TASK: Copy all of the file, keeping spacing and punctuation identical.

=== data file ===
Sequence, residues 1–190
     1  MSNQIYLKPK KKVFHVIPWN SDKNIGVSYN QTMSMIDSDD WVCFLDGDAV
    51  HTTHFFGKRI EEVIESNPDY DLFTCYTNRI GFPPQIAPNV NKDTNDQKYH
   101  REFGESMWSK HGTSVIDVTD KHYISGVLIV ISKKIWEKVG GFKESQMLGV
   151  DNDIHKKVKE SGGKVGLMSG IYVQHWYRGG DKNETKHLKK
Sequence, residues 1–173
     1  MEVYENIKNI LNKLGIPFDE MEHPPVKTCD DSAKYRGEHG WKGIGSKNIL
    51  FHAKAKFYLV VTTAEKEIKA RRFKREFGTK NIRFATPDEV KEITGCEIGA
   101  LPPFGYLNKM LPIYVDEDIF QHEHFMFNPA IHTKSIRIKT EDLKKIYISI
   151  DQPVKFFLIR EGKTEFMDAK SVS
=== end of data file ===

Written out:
Sequence, residues 1–190
     1  MSNQIYLKPK KKVFHVIPWN SDKNIGVSYN QTMSMIDSDD WVCFLDGDAV
    51  HTTHFFGKRI EEVIESNPDY DLFTCYTNRI GFPPQIAPNV NKDTNDQKYH
   101  REFGESMWSK HGTSVIDVTD KHYISGVLIV ISKKIWEKVG GFKESQMLGV
   151  DNDIHKKVKE SGGKVGLMSG IYVQHWYRGG DKNETKHLKK
Sequence, residues 1–173
     1  MEVYENIKNI LNKLGIPFDE MEHPPVKTCD DSAKYRGEHG WKGIGSKNIL
    51  FHAKAKFYLV VTTAEKEIKA RRFKREFGTK NIRFATPDEV KEITGCEIGA
   101  LPPFGYLNKM LPIYVDEDIF QHEHFMFNPA IHTKSIRIKT EDLKKIYISI
   151  DQPVKFFLIR EGKTEFMDAK SVS